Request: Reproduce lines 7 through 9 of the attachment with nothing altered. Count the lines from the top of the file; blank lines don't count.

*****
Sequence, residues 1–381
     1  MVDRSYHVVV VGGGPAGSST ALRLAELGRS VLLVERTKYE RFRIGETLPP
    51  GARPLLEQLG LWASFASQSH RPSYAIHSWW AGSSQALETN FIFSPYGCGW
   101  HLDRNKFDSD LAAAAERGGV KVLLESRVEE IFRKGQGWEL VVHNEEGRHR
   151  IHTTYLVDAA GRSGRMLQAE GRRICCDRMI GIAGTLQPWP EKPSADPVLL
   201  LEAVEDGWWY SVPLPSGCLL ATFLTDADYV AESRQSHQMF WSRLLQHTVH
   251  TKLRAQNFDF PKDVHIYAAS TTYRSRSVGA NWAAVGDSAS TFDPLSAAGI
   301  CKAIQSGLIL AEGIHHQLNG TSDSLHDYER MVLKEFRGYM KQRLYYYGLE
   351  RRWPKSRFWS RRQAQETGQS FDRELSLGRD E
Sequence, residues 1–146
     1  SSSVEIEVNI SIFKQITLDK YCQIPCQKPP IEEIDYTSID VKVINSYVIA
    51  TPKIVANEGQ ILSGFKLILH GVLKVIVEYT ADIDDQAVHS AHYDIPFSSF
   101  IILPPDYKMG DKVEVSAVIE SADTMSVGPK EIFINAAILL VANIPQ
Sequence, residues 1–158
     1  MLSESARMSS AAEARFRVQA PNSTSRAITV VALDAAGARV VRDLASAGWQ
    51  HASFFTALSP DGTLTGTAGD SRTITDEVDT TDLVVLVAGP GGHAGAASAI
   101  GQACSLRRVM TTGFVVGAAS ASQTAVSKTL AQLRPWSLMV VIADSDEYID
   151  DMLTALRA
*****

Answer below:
   251  TKLRAQNFDF PKDVHIYAAS TTYRSRSVGA NWAAVGDSAS TFDPLSAAGI
   301  CKAIQSGLIL AEGIHHQLNG TSDSLHDYER MVLKEFRGYM KQRLYYYGLE
   351  RRWPKSRFWS RRQAQETGQS FDRELSLGRD E